Just one other thought. Phase (0 or 180 on mine). Would you just alter this if you had issues, or is it best to work round it using 0 - maybe adjusting the delay to stop any interference with the mains. I don't really notice any difference with the phase either way.
I don't have a phase control on my sub, so I haven't been able to play around with that. If I did, I'd probably start by doing two sweeps: one with the switch at 0 and one with it at 180. Those initial two sweeps would be with the mains on. Then I'd start doing my measurements and filter settings. Get that all loaded up and remeasure with the mains on with the phase switch in both positions again. Pick the one that looks the best around the crossover point. If you have any funky interaction, especially around the crossover point, you may be able to tweak it out a little with sub delay from your pre/pro/receiver. I haven't ever had any trouble around my crossover point...

It's all becoming much clearer!
Excellent. Have fun!
 

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Discussion Starter · #9 ·
Thanks Otto.

I think it may be wise to delete the filters and re-measure from what you are saying.

You are probably right about the phase - I will do that.

All my kit is in the lounge, which is also our bedroom (don't ask!). We have two kids too, so finding time to indulge in my hobby is none too easy. My computer in the lounge can't quite see my wireless network (it not a laptop), so that makes things even more difficult. I don't need fun - I need results fast!

It is interesting to actually SEE the results though. I hope this thread is helping others - I am learning so much from it.

Graham
 

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When not using the rca output and playing the pink noise from the amp, I would have expected the two methods to measure the same - does this just show how inaccurate the rs mic is or is there some other explanation?
I tried it with my old analog meter and comparing between the 70 and 80 scale, I get a 1dB higher reading for 75dB pink noise and sine waves on the 80 scale. Not too bad...

brucek
 

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Graham,

Did you get your Midi issue resolved? Just curious!

Bob
 

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Discussion Starter · #12 ·
Hello Bob,

Guess you missed the reference in my 'calibration confusion' thread. Yes thank you, you were dead right about reversing the cables.

Maybe I think about these things too much, but I seem to have bass in spades now. I have a house curve, but at serious levels, I am clenching my buttocks for the neighbours!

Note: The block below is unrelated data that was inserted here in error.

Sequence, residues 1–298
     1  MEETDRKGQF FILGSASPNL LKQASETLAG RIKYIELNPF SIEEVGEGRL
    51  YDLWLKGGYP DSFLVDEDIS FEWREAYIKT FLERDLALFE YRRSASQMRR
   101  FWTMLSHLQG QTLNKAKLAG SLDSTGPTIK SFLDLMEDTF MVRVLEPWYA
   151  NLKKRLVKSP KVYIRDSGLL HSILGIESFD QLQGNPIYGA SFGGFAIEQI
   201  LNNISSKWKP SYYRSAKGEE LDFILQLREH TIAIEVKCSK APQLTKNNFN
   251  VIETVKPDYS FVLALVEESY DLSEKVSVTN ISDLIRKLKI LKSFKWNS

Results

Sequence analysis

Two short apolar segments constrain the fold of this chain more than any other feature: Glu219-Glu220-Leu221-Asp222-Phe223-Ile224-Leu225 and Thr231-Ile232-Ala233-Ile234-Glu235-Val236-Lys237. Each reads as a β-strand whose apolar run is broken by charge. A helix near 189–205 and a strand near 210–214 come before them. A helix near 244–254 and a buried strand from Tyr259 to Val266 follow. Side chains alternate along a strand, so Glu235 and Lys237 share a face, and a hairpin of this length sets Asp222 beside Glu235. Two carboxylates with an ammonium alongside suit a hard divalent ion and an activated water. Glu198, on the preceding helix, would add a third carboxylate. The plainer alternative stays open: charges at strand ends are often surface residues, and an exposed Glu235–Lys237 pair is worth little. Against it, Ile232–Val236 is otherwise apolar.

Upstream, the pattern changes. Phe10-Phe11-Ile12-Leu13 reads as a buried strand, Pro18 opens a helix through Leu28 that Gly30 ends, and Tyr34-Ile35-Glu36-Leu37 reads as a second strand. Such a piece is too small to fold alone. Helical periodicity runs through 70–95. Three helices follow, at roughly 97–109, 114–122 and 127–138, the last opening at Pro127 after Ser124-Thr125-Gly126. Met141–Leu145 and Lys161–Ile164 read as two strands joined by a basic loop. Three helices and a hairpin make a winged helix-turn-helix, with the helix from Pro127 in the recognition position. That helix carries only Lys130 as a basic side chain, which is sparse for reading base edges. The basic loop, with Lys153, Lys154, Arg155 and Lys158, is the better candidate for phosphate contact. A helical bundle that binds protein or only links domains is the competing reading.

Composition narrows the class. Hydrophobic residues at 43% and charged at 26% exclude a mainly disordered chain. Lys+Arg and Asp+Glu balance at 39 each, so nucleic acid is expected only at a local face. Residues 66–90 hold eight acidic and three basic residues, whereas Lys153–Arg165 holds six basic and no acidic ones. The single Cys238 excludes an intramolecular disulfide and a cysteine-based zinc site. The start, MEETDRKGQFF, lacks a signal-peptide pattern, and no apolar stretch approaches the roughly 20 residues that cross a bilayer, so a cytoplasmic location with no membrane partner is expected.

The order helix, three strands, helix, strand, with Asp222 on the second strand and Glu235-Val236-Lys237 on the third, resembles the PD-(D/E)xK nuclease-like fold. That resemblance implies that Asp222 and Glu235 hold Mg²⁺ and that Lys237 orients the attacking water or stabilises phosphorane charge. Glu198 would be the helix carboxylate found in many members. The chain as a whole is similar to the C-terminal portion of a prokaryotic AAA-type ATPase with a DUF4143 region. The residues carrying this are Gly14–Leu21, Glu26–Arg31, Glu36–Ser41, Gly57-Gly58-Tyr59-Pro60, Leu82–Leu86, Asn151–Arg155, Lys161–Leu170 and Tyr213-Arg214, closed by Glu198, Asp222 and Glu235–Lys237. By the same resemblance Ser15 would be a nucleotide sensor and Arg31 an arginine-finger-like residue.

This whole endeavour has made a huge difference. It has really brought the bass to the fore. I may have been over zealous with the house curve (30 6.0), so maybe toning it down a touch may be preferable.

At least I know how to make the changes now, so thanks to all the help on the forum. You have all been very patient.

Hope I can be of help to the newer members, now I am a veteran!

Graham
 

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Just one other thought. Phase (0 or 180 on mine). Would you just alter this if you had issues, or is it best to work round it using 0 - maybe adjusting the delay to stop any interference with the mains. I don't really notice any difference with the phase either way.
Remember that the setting for the distance of the sub from the listening position or the delay (if your receiver has it) is a phase adjustment. This does not have to be done at the sub for many people.

Pete
 

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Discussion Starter · #14 ·
Remember that the setting for the distance of the sub from the listening position or the delay (if your receiver has it) is a phase adjustment. This does not have to be done at the sub for many people.

Pete
Thanks for that Pete. In fact, I just did a sweep with it both ways and it made quite a difference - much more than I could tell by listening. The sub is quite close to one seating position. Switching to 180 seemed to remove a deep trough I was getting.

When all the measuring is done, it still has to be down to your ears to be the final judge. It would be nice to just know it was as good as it could be and sit back and start to appreciate why it was. I am sure I will be tinkering again, but I need to live with it for a spell.

Graham